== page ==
W3C home > Mailing lists > Public > www-style@w3.org > February 2007

Re: Adaptive size determination

From: Mikko Rantalainen <mikko.rantalainen@peda.net>
Date: Mon, 26 Feb 2007 15:28:29 +0200
Message-ID: <45E2E07D.3060404@peda.net>
To: www-style@w3.org

Daniel Beardsmore wrote:
> Let me take you through a common example: a set of thumbnails.
> How would we normally do this? A table. Not sensible. Tables demand that a 
> particular number of columns will fit onto the screen, and cannot take advantage 
> of wider monitors. They imply a relationship between the data that does not 
> exist: the colums and rows have no significance.
> How should we do this? I would say, a list.
> Formatting? Inline block. e.g.
>   <ul class="thumbs">
>   <li>
>    <img src="...">
>    Caption
>   </li>
>   .thumbs li {
>    display: inline-block;
>    margin: 0.2em; padding: 0.23em;
>    background-color: #009966;
>   }
> The thumbnails can be any size up to the desired size (say, 200x200 pixels), so 
> my previous mail on pad-to would be used to space each one out to fill the 
> intended size. Otherwise, imagine a div around the image for that purpose set to 
> width and height of 200px.
> Without captions this would work: they'd all be the same height and width. But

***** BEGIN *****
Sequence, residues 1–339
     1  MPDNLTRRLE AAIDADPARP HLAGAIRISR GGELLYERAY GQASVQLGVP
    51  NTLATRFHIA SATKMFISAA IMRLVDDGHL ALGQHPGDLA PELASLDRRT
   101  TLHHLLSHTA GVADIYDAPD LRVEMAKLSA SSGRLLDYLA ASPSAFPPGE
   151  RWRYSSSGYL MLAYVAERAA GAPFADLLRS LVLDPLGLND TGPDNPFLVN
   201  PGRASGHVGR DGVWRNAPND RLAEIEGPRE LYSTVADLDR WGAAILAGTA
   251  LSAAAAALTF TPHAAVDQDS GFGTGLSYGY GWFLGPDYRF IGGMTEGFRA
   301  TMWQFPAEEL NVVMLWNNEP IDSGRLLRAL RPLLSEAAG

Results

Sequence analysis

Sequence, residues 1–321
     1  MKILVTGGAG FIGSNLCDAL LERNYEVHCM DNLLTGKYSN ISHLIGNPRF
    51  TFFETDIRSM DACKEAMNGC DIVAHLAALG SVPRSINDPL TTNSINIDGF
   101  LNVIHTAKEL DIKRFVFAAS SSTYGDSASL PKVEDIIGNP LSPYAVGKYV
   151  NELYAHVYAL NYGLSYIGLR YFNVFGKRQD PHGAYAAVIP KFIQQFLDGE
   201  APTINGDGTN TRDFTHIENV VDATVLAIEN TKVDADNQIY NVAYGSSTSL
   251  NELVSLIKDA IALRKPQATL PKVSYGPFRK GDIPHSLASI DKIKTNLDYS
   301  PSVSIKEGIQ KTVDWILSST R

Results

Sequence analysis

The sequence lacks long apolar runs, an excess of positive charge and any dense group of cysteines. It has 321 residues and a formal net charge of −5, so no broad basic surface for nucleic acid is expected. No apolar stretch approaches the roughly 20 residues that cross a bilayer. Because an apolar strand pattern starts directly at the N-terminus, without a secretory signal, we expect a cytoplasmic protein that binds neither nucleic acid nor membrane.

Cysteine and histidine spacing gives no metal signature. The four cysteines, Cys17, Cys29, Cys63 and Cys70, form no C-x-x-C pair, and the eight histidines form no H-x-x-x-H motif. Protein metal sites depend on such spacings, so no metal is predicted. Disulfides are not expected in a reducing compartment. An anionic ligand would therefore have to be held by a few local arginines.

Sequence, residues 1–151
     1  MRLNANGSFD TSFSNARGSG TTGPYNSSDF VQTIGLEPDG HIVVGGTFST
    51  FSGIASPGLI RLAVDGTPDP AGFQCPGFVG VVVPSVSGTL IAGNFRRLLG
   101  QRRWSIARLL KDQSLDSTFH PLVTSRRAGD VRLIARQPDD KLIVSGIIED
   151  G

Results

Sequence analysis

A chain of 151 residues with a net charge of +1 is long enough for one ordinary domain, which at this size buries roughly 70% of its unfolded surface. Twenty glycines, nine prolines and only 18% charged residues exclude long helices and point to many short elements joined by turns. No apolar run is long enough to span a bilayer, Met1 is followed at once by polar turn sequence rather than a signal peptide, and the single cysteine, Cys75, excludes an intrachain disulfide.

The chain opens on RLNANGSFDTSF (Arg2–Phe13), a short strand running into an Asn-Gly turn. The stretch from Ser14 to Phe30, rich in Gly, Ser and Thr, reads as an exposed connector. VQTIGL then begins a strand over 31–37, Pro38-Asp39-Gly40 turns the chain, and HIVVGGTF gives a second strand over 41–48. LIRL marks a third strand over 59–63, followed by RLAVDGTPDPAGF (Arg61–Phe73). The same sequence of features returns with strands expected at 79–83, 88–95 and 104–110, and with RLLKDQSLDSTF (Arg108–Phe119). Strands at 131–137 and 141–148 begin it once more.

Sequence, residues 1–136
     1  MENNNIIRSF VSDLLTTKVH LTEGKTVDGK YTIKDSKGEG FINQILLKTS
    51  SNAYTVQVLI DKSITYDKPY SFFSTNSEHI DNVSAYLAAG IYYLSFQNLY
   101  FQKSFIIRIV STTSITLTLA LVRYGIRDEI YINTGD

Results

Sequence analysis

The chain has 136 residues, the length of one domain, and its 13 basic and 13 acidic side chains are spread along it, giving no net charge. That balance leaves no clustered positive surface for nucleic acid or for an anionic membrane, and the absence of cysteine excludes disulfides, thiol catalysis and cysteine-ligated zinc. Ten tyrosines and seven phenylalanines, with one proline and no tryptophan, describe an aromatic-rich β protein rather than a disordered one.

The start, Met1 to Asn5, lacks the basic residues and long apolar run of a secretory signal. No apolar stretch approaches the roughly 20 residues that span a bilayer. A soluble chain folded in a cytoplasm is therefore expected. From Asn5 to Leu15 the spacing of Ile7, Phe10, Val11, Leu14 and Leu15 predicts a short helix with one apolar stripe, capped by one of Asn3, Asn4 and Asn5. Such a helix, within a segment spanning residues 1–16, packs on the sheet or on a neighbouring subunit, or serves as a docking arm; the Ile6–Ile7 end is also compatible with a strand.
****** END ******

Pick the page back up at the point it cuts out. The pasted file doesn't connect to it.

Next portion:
> we want captions too. And the captions have no defined width, nor can it be 
> defined. The width is dependent on not just the length of the string, but on the 
> user's choice of font and font size. We are either going to fix the width of the 
>   <li> to the image width (in which case, the captions may wrap) or the <li> 
> will all grow to random sizes according to the caption.
> What we need -- and so far, nothing has ever provided a way to deal with this 
> effectively -- is adaptive mutual sizing.
> That is to say, specify a size for each li element, based adaptively on the 
> group as a whole.
> For example:
>   .thumbs li { adapt-size: both }
> This will trigger a visual user agent to calculate the width and height needed 
> to show each <li>, and choose the largest size found.

As David Woolley already told you, this is not how the CSS works. Here's
how a CSS implementation could work (IMHO):

.thumbs li { height: auto; width: auto; sizing-group: "thumbnails"; }

That is, redefine "auto" for height or width to check if the element
belongs in an "sizing-group" and if it does, compute the height or width
to be the maximum of all elements in that group when contents of those
elements are shrink-wrapped (and define further what "shrink-wrapping"
means). If height or width is set to some other value but auto, then the
sizing-group magic wouldn't apply.

Received on Monday, 26 February 2007 13:28:43 UTC

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